Tech line offers high spec and low costs

Designed to appeal to the emissions-conscious company car driver or fleet manager, Vauxhall’s Techline approach has been gathering a growing army of fans - and it’s not that difficult to see why.

This week we’ll be giving our first impressions of the car - later on in the test you’ll find out if those initial thoughts turned out to be accurate.

The first few weeks of our extended test of the Astra CDTI 1.7 Techline GT have shown the car to be well-equipped, comfortable and extremely practical.

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In terms of physical appearance, the latest-shaped Astra is a very good looking car.

Even in four-door guise, the sweeping roof-line gives a coupe-like profile and the sporty-looking grill consolidates that feel.

Certainly, it competes well in the looks department against others in the highly competitive hatchback market. Looks are subjective, of course, but in comparison to the rather conservative-looking VW Golf and Ford Focus, the Astra holds up very well.

Inside the cabin we were met with a nice surprise. Being familiar with the previous generation Astra (04-09), the verdict is that this new model has upped its game considerably. A new, smartly laid out dashboard is constructed from high quality materials that give the feeling of a product from perhaps a more prestige marque.

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Seats are comfortable and functional, and give every indication early on that they will be comfortable over long distances, which we will soon put to the test more fully.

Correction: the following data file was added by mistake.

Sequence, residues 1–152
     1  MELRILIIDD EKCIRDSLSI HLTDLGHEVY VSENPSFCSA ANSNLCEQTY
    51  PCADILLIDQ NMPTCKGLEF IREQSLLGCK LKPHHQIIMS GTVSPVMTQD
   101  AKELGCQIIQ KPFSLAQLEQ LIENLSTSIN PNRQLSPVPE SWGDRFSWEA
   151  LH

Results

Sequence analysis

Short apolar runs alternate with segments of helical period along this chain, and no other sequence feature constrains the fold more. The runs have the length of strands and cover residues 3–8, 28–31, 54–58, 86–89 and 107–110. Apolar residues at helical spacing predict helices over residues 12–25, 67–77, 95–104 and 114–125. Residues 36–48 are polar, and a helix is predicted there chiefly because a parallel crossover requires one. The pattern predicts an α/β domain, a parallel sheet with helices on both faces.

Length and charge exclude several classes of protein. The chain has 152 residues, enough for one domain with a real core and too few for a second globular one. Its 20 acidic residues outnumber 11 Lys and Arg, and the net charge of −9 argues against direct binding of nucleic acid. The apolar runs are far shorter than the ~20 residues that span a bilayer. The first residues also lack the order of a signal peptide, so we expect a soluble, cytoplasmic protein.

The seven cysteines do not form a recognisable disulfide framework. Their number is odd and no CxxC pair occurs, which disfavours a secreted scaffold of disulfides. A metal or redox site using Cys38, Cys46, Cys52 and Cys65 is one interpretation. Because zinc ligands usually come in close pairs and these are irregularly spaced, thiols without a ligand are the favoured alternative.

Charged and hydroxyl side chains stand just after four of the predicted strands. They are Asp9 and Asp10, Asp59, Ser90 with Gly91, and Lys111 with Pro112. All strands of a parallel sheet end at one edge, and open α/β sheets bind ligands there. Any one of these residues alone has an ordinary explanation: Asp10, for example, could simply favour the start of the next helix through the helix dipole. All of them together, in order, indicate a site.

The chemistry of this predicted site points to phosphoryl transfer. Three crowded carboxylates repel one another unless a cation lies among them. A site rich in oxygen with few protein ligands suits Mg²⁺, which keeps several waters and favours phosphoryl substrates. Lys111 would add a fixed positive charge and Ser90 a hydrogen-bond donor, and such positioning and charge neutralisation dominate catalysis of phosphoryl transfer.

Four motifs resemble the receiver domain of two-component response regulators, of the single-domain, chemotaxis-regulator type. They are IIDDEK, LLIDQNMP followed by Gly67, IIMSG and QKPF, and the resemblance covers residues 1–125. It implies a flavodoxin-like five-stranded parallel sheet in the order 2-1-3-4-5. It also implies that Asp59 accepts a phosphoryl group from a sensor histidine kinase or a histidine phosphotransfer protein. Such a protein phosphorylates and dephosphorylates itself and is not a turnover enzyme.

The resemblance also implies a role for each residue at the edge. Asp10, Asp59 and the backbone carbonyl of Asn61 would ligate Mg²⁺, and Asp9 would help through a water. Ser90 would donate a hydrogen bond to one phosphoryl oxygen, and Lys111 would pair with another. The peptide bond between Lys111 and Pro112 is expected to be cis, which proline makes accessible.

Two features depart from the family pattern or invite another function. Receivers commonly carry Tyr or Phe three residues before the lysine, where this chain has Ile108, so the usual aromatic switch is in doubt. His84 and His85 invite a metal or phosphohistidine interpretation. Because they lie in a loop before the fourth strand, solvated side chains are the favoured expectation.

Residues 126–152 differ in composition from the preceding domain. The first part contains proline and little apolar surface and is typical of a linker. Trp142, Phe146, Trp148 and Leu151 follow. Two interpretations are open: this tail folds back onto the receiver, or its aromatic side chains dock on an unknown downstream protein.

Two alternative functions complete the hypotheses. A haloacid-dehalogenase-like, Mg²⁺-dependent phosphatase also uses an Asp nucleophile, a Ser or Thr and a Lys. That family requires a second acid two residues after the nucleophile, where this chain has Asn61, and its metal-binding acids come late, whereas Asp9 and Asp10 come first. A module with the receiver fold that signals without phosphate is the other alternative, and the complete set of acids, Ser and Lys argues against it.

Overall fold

Although the dash is snazzy-looking, some of the controls are a little small and fiddly, and might not be to everyone’s liking. We will update later in the test with regards to how user-friendly these feel given time to get used to them.

Equipment levels are really generous in the Techline, indeed that is their reason for being. Coming with sat-nav, digital radio, USB, cruise control, Bluetooth phone connectivity. I was a little surprised that rear parking sensors didn’t make the standard equipment list, as they would seem to fit in with the rest of the kit quite nicely.

You’ve also got old-type manually winding windows in the back of the car, which sits slightly at odds with the technologically advanced cockpit.

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Initial fuel economy appears to be good, although we have found the claimed combined 65.7 mpg a little hard to achieve and have averaged around 61 mpg so far with a good combination of motorway and urban sensible driving.

Hopefully, with the eco driving guide aid included within the on-board computer offerings, we’ll be able to bring that more in line with Vauxhall’s hope during the test.

First thoughts on driver visibility are that it could be better. The rather thick pillars not doing a great deal to help you see around the car when turning and reversing.

Luggage space is good in the boot is good and should prove more than enough for all but the most extreme of weekly ‘big shops’.

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Two full-sized suitcases fitted in almost perfectly, with only the merest lifting of the parcel shelf (and even then nowhere near enough to impede vision or cause any other type of issue.)

But all-in-all, the first impressions have been positive and we look forward to reporting back to you on how the Astra’s various attributes delight or disappoint as we take the review forward.

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